If you happen to be in France this year for the 14th, or just have an interest in revolutions, here’s a good “revolutionary” walking tour that starts in our favorite neighborhood and ends at the Madeleine. That makes it a “bonne trotte” as the French would say, but doable in good shoes and with a good walking partner.
I’d also recommend
Seven Ages of Paris, my favorite history book on Paris.
To understand France and the French, you need to get to grips with the Revolution. As July 14 approaches, Anthony Peregrine transports us to a Paris where the tumbrils still roll.
Start your tour in Rue St André-des-Arts, which remains as narrow and dense as it was at the time of the Revolution
This year, as you will have noticed, is the 40th anniversary of 1968. You will have noticed particularly if you have been in France recently. There they have treated the riotous events of May 1968 as if they were of Earth-shattering import. Oh dear. As revolutions go, May 1968 was playtime – and so inflated with self-importance that you feel like slapping it.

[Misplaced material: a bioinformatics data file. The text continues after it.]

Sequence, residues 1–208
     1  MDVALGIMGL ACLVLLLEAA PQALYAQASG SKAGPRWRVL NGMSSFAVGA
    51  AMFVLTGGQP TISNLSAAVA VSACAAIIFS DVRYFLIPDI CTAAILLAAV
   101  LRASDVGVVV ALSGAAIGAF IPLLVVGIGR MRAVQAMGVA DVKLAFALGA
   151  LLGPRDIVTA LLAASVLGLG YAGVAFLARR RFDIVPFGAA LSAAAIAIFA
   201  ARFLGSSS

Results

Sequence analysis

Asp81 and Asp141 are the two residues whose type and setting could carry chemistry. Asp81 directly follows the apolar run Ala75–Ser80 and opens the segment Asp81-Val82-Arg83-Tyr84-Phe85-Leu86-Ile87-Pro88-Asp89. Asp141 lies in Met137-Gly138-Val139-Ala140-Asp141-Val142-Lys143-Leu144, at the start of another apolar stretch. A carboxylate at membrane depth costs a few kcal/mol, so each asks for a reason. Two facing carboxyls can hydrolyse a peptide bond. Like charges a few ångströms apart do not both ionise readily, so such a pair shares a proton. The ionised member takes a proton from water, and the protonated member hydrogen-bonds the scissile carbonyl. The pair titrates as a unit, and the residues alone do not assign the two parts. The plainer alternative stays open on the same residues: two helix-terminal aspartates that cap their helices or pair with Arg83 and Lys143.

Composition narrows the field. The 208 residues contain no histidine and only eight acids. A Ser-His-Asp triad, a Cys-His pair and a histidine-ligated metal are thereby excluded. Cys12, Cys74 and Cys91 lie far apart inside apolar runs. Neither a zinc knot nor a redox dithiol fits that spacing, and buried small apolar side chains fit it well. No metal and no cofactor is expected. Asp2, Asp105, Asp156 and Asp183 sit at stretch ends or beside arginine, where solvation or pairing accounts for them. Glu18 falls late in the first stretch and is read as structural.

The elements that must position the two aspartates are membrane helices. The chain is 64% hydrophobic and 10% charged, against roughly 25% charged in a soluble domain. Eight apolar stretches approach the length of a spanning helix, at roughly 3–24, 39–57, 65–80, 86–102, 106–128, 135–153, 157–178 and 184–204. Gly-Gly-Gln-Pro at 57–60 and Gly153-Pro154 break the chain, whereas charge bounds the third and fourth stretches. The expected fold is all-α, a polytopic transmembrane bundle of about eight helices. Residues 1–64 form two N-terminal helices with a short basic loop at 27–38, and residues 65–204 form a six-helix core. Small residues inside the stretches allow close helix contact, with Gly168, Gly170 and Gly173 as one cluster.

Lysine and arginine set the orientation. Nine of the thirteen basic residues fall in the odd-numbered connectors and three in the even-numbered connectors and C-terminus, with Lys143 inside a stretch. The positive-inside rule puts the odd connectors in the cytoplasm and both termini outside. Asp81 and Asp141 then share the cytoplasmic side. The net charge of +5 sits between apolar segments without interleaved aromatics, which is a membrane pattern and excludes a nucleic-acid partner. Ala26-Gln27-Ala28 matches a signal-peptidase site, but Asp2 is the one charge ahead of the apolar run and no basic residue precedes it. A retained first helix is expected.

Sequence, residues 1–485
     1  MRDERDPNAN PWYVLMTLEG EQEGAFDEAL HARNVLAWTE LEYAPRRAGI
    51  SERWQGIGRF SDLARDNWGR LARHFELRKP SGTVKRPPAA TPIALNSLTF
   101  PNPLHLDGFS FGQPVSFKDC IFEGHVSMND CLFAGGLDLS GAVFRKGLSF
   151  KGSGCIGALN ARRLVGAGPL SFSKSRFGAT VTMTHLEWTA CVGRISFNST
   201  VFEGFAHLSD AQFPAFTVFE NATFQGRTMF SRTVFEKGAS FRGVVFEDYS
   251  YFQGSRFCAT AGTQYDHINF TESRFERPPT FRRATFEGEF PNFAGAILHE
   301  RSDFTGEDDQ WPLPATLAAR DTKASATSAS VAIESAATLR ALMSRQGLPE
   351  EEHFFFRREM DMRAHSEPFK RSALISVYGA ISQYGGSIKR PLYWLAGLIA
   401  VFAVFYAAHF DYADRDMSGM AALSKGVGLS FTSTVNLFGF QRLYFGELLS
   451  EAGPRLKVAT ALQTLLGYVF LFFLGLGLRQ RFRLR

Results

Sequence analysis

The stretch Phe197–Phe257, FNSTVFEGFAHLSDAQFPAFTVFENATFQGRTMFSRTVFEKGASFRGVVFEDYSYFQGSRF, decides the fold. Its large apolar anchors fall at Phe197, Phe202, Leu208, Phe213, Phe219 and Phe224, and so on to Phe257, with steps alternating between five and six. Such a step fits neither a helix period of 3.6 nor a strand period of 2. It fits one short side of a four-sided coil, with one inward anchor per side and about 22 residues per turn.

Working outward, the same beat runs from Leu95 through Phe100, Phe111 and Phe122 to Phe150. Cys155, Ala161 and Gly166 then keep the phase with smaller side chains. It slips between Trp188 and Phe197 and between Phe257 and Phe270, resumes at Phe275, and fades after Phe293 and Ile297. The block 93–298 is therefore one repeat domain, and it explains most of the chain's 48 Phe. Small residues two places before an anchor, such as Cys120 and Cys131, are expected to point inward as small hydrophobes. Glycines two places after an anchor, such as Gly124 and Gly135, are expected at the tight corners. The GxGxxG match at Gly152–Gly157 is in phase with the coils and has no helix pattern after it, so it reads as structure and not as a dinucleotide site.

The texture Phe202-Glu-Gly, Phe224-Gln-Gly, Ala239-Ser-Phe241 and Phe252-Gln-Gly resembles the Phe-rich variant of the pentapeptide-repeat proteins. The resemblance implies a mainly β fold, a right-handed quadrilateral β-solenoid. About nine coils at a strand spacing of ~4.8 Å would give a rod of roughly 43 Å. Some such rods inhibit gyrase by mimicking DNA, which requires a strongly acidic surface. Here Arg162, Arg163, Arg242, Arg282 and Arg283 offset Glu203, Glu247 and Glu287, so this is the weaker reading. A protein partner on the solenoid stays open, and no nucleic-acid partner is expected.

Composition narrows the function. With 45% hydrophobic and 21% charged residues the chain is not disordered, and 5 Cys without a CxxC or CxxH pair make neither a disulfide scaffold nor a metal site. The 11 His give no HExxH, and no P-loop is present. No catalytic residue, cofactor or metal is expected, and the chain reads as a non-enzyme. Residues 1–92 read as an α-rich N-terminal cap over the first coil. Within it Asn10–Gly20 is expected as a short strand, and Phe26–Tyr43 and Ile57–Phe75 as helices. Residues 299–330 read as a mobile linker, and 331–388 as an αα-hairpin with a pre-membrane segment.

So let us ignore 1968 and turn instead to the real French Revolution, the one of 1789: the one that overthrew an absolute monarchy, turned France upside down and set the template for revolutions (and totalitarianism) to come. In consuming most of its leading perpetrators, and thousands of others, the 1789 revolution was also an early indication of the disparity between abstract theory and human reality – and of the blood that most often fills the gap.